Trusts for Children: Cost Effective & Efficient

Trusts for children are not terribly expensive. Estate planning fees are generally based on expectations of attorney time. The parent is best suited to determine what trust provisions to include. If the attorney properly involves the parent in planning, and efficiently collects information, than the estate planning fees should be significantly reduced. 

 

Trusts for Children: Collecting Information

We collect asset information from the parent via an Estate Planning Worksheet. We help the client select caregivers during a conference. We present the client with a trust Provision Template for their trust for children and allow them to modify and craft the provisions for their child’s care and wellbeing. 

 

Trust for Children: Selecting Trustees & Caregivers

Trusts for children frequently have caregivers who also serve as trustee. Our position is that while that may work, its generally not preferable. Consider separating the duties of caregiver and trustee in your trust for children. When selecting a caregiver or trustee, the client has much to consider. What make a good candidate for a caregiver may not necessarily be the case for a Trustee. Additionally, by separating the money supply from the caregiver, you can both comfortably provide for the caregiver and protect the trust assets from caregiver abuse. 

 

Trusts for Children: Grandparents & Extended Families Roles

Trust for children can be created by grandparents and extended family. Consider notifying every person who may likely name you or your child as their beneficiary that you have created a trust for children. By having said person name your trust for children as beneficiary (as opposed to your child), than the money can be directed to the trust for the reasons identified above (as opposed to going directly to the child).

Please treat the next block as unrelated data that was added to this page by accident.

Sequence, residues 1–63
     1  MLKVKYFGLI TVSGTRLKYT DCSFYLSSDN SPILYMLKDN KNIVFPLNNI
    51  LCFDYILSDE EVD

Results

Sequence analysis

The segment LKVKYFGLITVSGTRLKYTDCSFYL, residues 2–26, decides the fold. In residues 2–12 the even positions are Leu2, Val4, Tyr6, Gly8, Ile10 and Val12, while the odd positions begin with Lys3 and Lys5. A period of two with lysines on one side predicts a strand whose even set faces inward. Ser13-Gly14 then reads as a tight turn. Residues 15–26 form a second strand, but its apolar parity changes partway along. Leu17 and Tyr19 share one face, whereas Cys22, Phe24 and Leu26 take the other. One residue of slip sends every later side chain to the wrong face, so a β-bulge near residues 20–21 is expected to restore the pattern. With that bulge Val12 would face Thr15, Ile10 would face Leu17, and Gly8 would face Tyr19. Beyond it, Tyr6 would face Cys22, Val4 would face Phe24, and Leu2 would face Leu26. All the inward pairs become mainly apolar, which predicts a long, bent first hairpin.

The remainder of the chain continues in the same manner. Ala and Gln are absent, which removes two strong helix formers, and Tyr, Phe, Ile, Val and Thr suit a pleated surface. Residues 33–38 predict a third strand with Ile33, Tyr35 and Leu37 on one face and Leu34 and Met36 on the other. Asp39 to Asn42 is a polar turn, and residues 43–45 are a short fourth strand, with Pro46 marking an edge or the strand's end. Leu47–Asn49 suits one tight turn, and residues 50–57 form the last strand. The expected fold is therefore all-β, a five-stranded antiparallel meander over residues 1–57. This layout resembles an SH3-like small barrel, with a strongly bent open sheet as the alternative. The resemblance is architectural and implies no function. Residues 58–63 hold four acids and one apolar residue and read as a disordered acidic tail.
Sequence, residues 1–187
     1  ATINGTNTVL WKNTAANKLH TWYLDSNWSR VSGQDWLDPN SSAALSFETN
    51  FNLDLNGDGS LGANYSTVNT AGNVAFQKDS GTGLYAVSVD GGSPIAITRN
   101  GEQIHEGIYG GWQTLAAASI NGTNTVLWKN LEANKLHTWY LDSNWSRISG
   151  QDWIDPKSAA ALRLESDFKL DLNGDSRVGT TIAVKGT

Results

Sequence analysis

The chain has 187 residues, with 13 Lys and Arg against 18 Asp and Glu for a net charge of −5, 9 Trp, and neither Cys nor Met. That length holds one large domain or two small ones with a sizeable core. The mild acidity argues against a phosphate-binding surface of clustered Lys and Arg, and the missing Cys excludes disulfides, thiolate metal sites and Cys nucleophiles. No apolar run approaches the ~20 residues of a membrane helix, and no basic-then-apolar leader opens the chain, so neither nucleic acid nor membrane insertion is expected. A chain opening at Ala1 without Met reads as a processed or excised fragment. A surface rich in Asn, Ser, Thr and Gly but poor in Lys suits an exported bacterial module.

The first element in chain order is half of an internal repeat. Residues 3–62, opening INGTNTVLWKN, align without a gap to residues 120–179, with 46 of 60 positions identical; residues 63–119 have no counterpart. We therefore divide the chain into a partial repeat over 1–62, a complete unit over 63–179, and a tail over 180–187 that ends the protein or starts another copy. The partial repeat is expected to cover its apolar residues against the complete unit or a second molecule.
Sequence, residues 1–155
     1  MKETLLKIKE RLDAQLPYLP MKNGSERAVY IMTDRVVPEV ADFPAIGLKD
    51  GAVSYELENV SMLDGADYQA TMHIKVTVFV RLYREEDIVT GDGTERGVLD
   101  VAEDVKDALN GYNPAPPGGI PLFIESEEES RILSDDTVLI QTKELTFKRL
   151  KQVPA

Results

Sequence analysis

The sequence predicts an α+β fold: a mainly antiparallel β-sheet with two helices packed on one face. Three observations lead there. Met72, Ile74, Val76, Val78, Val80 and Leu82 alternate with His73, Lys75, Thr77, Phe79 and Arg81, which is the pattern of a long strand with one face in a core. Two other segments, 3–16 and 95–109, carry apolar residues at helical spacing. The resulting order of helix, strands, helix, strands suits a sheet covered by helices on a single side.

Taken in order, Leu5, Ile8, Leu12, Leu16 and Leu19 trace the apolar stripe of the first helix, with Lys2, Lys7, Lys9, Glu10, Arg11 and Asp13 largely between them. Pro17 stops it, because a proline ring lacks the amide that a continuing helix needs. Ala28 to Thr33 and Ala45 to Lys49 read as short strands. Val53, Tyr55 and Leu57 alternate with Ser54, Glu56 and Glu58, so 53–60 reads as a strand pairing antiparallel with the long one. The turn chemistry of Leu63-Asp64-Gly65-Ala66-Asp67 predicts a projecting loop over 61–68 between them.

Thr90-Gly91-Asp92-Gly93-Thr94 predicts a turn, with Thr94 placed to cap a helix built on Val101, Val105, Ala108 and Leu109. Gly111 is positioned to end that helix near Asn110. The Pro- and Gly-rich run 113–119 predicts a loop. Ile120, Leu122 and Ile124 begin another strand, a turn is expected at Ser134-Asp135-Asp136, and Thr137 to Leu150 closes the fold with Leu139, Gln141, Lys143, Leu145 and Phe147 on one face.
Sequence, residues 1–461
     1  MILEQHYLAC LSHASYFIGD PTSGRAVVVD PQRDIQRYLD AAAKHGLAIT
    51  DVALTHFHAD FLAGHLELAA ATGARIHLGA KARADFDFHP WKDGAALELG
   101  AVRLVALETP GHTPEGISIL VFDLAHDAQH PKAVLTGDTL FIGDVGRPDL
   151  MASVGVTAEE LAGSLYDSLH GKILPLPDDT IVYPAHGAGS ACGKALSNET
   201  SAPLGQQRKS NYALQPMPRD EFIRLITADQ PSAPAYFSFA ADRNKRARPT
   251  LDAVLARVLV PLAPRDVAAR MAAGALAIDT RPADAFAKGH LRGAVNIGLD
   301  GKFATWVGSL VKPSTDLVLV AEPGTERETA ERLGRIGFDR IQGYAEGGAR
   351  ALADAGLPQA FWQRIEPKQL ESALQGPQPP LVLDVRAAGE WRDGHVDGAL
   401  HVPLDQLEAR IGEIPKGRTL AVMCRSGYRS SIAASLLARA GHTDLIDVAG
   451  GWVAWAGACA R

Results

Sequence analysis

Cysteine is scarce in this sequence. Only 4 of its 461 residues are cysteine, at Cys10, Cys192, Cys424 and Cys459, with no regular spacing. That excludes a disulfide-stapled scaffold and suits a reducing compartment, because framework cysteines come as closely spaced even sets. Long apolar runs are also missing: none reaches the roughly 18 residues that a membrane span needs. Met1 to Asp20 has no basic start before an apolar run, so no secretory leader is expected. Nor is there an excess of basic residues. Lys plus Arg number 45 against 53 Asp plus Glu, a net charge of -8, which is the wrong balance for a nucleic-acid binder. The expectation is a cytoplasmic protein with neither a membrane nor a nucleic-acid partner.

Trusts for Children; Not just for the rich

 

Trust for children are not exclusively for the rich. Anybody who has a young child should consider creating a trust for children. Anybody with young children should have life insurance (insuring your future wealth) to provide a security net for your family. Most young people can easily purchase a life insurance policy sufficient to fund the trust for children. Of course, the more assets the parent has, the more necessary the trust for children becomes for a young parent.

 

Trusts for Children: Getting Started

Trusts for Children are very important estate planning devices. It is easy to get started on your own trust for children. Review some of the paperwork we have provided and give us a call. We are happy to discuss establishing your own trust for children.

 

CALL TODAY FOR MORE INFORMATION


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The Lenzi Law Firm, PLLC assists clients throughout Northern Virginia and Washington D.C. including Fort Washington, Falls Church, Ft. Myer, Vienna, Rosslyn, Springfield, Mount Vernon, Annandale, Fort Belvoir, Fairfax, Dunn Loring, Merrifield, McLean, Oakton, Reston, Burke, Great Falls, Fredericksburg, Stafford and Herndon in Arlington County, Alexandria County, & Fairfax County.